The housing crisis was created by a huge number of theoretically independent decisions that optimized the short term gain of a very select group of people and companies at the expense of literally the world. Among these ill-conceived decisions were rules and procedures maintained by the banking industry that greatly exacerbated the ongoing problems. Among these are/were policies that separated the functions of loan modifications, short sale negotiations and foreclosure process into separate departments with little or no communication set up between them … and no consistent set of criteria as to how to operate or treat the consumers in distress. Some of that will change with the passage of the Homeowners Bill of Rights. The following is a brief summary of the law taken from the California Assocication of Realtors online newsletter:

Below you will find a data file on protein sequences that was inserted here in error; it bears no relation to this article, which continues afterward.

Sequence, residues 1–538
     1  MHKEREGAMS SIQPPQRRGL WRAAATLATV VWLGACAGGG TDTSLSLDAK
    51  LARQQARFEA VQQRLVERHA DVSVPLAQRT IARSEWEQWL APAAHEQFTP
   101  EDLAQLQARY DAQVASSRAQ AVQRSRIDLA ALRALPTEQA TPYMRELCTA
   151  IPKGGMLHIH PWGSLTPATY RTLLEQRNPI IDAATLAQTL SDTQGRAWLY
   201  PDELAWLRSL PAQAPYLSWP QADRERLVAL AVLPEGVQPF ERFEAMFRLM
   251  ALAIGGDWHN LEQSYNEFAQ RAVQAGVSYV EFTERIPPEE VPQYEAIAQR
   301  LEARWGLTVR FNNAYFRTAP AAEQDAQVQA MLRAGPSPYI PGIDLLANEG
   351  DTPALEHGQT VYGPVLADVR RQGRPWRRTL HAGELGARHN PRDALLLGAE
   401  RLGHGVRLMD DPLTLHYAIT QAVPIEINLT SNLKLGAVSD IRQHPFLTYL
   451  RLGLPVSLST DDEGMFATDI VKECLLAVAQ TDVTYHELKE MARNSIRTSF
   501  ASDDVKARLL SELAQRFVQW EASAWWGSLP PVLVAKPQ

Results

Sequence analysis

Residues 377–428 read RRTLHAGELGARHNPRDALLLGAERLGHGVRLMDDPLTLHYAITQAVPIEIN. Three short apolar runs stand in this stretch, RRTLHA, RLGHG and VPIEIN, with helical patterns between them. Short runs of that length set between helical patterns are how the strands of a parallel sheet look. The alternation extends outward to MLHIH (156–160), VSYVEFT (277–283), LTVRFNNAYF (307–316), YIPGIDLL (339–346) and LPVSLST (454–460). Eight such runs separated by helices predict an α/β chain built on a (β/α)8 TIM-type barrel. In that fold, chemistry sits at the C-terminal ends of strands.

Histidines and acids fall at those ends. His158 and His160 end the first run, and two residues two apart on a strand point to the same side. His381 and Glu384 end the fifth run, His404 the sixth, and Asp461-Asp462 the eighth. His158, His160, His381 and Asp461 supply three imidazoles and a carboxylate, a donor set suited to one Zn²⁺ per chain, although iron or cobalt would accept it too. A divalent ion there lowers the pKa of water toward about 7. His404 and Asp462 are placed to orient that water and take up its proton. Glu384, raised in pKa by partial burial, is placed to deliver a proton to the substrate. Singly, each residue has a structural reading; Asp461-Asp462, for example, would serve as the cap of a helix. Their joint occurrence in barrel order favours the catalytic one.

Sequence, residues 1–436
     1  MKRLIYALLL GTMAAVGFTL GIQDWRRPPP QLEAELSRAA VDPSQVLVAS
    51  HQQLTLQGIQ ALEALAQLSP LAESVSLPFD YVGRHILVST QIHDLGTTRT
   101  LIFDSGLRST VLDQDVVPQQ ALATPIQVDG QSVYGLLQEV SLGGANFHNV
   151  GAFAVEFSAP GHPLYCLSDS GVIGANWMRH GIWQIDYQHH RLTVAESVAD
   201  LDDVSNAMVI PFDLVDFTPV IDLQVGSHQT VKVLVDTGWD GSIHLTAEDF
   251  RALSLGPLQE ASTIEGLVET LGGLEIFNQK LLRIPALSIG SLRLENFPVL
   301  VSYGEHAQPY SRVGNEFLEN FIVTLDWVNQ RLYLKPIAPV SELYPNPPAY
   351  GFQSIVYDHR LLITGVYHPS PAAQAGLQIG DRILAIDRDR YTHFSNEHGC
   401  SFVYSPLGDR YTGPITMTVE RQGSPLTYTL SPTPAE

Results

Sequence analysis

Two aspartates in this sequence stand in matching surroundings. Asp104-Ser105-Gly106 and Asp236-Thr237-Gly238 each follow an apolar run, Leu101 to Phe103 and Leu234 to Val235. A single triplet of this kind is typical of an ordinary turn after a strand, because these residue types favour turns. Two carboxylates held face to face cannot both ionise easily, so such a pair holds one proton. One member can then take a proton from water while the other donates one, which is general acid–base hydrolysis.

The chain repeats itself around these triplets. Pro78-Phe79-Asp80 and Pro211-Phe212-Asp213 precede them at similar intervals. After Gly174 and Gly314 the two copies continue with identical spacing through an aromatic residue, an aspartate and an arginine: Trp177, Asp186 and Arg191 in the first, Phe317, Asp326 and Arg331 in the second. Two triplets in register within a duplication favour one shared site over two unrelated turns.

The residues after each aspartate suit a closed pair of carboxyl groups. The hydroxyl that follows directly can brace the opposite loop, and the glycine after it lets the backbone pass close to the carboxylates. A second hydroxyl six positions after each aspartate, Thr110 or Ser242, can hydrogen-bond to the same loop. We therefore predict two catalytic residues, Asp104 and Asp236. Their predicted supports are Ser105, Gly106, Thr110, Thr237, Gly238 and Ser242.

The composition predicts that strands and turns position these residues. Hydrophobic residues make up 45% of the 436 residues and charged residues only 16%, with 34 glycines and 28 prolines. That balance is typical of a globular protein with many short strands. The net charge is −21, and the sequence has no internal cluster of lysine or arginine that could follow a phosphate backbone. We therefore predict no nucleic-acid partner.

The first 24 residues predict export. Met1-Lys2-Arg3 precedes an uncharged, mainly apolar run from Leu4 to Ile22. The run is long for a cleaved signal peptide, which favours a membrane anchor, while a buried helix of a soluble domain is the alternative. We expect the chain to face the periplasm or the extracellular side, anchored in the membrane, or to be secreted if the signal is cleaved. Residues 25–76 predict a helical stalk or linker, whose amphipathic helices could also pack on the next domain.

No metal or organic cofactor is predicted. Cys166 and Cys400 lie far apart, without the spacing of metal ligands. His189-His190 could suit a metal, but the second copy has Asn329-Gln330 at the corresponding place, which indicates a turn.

California Homeowner Bill of Rights signed into law
California Governor Jerry Brown signed into law yesterday the Homeowner Bill of Rights to help struggling Californians keep their homes. This law aims to avoid foreclosure where possible to help stabilize California’s housing market and prevent the other negative effects of foreclosures on families, communities, and the economy. The new law will generally prohibit lenders from engaging in dual tracking, require a single point of contact for borrowers seeking foreclosure prevention alternatives, provide borrowers with certain safeguards during the foreclosure process, and provide borrowers with the right to sue lenders for material violations of this law.
Making sense of the story
California “Homeowners Bill of Rights” passed into law.
Posted on July 13, 2012 at 8:41 am Steve Curtis